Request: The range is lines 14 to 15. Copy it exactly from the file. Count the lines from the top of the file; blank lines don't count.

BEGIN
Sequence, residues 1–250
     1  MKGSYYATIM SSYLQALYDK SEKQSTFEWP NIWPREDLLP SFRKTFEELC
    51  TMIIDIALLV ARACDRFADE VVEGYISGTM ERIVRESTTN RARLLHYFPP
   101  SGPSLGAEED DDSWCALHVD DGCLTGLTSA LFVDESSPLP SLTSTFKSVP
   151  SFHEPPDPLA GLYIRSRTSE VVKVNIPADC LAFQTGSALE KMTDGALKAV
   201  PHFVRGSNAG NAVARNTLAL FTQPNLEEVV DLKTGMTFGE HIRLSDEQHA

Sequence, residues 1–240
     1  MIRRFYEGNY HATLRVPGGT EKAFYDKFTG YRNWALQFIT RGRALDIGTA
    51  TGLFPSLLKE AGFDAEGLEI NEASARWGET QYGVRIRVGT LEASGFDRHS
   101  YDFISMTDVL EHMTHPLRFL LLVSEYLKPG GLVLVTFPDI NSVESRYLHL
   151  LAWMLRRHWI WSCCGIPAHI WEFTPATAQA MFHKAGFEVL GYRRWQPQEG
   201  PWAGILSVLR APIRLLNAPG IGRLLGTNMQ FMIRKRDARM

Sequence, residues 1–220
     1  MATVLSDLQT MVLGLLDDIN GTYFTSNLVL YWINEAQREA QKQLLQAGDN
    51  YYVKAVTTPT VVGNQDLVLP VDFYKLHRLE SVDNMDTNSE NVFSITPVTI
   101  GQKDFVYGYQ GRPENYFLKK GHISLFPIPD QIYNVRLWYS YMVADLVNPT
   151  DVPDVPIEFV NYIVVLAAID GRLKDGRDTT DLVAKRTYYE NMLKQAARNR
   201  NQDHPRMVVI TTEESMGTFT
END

     1  MATVLSDLQT MVLGLLDDIN GTYFTSNLVL YWINEAQREA QKQLLQAGDN
    51  YYVKAVTTPT VVGNQDLVLP VDFYKLHRLE SVDNMDTNSE NVFSITPVTI